Iranian Young Calligrapher

Aydin Aghdashloo – 2008

At the height of his youth and beginning of his success, Alireza Astaneh is proudly continuing one of the strangest traditions in the history of entertainment calligraphy in Iran. This is why I am so glad he is among us and active: it is great that he works and his work is great. The first time I met him, he presented a sample of his work which I could not believe to be the work of a youth of his age (he is of the same as my son, Takin). Later on, when I saw more of his works, I offered all my appreciation and affection, which I am continuing to do through writing these lines.

Nakhoni (fingernail) Script must be an Iranian invention, yet I still have not seen an example dating back more than three centuries. This amazing art/craft testifies to the skill and creativity of ancient artists who constantly expanded and searched for new grounds for the structured and exquisite art of their time. While relying upon and deeply connected to common traditions, they were also looking for new innovations.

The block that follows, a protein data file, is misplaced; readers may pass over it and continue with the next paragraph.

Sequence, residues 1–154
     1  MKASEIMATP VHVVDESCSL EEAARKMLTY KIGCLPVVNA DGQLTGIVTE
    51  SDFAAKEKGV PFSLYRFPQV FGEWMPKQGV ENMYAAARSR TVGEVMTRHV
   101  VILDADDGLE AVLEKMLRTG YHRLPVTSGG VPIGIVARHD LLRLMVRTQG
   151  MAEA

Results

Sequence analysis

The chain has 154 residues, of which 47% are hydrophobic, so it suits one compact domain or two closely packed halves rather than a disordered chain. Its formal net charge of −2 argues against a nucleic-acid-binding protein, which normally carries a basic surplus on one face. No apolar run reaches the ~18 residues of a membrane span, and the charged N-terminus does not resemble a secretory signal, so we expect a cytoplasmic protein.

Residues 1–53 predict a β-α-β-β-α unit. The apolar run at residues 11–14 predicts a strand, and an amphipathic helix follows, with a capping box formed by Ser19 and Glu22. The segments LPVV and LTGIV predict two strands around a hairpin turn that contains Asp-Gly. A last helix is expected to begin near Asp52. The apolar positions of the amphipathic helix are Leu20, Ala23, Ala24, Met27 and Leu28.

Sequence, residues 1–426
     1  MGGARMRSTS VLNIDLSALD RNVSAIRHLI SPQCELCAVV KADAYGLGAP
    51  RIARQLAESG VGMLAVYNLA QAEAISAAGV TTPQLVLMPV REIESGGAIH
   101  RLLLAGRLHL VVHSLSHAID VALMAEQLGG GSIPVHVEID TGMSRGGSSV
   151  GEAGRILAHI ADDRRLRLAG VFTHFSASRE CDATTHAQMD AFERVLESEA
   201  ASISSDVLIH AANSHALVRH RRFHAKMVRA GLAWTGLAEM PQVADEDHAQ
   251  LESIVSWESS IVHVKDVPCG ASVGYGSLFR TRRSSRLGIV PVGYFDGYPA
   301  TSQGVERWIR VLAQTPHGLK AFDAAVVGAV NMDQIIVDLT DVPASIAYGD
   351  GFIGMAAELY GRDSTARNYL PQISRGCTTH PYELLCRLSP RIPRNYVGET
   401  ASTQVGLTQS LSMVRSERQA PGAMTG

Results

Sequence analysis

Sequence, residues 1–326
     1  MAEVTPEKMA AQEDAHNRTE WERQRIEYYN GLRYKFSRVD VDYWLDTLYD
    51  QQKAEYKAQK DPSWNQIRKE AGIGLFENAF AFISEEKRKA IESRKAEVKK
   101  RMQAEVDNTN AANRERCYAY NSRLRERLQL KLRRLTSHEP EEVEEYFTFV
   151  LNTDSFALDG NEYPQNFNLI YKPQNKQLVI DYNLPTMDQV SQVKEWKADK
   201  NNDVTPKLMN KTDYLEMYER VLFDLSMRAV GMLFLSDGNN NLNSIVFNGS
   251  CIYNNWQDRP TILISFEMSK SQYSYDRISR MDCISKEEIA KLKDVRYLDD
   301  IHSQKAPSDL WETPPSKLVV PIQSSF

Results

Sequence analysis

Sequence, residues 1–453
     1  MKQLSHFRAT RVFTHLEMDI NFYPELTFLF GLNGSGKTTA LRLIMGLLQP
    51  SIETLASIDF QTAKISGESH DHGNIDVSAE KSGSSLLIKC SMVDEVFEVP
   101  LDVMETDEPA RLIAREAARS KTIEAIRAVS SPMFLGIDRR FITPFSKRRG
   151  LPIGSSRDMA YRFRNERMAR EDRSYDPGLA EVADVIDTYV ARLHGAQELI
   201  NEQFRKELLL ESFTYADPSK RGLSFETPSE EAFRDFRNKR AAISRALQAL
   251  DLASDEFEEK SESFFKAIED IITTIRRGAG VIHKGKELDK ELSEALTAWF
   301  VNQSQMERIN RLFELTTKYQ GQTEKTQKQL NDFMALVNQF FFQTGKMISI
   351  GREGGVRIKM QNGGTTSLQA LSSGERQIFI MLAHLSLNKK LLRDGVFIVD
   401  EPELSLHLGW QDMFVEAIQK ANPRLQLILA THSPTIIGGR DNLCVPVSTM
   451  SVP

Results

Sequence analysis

Nakhoni Script is a method in which the artist embosses and makes writing apparent only through a slight pressure of his fingernails on the back of a delicate piece of paper. Other historical examples can also be find portraying flowers, birds, lovers, buildings or landscapes. What is curious about it is that the work is not clearly visible at the first glance unless lit from a particular angle and it is then that the text or image becomes visible.

The tradition was abandoned completely for about a century until few contemporary artists paid became interested in it giving it a new life.

Alireza Astaneh, a skillful calligrapher, pertains to this small group. If he is interested in Nakhoni script is not only to demonstrate his skill and extraordinary technical ability, rather he is attracted to very different and novel compositions and parallel to writing Nasta’liq script, he also combines different scripts creating exquisite and complicated combinations. One can point to compositions inspired by siyahmashq which, in their own way and particularly in his Shekasteh Nasta’liq writing, are delicate, powerful and fluid.

Hopes for the continuation of traditional arts is fortified by observation of an enthusiast, hardworking and talented young generation and it is pleasurable to see how they add to the methods of the past opening up new perspectives.

Aydin Aghdashloo


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